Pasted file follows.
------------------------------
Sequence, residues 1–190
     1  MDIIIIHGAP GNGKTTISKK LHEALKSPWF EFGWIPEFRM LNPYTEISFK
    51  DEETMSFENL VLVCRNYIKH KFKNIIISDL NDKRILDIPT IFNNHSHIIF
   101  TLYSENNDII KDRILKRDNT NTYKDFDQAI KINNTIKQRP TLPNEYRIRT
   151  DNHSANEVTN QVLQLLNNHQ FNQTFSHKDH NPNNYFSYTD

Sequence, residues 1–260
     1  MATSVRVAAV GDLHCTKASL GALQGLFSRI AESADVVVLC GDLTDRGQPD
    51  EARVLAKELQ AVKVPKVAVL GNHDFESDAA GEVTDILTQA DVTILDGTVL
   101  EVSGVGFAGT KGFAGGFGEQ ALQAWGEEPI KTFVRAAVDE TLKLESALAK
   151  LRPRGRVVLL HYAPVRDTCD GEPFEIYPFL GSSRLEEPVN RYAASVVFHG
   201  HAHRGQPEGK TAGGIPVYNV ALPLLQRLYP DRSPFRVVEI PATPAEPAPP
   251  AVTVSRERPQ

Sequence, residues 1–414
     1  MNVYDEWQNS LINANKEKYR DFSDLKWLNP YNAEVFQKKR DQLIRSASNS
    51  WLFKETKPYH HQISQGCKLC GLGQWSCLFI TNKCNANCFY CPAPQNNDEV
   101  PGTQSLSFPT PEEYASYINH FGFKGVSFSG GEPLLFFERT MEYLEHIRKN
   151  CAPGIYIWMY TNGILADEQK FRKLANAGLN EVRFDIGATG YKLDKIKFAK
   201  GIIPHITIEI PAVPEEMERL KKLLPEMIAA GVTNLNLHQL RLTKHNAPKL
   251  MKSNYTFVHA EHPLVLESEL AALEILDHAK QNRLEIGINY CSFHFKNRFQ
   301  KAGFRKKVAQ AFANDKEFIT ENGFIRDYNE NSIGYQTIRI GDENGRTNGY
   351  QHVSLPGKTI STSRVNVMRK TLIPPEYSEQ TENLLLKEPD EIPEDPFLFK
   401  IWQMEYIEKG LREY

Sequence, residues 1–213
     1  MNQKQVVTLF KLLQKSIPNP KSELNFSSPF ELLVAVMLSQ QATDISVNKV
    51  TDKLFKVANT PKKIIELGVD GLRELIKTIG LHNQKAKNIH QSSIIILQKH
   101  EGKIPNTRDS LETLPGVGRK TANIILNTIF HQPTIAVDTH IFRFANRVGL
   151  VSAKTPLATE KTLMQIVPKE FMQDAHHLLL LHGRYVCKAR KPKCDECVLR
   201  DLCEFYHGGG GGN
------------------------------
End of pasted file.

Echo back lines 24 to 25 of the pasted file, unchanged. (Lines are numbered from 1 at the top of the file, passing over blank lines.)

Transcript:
     1  MNQKQVVTLF KLLQKSIPNP KSELNFSSPF ELLVAVMLSQ QATDISVNKV
    51  TDKLFKVANT PKKIIELGVD GLRELIKTIG LHNQKAKNIH QSSIIILQKH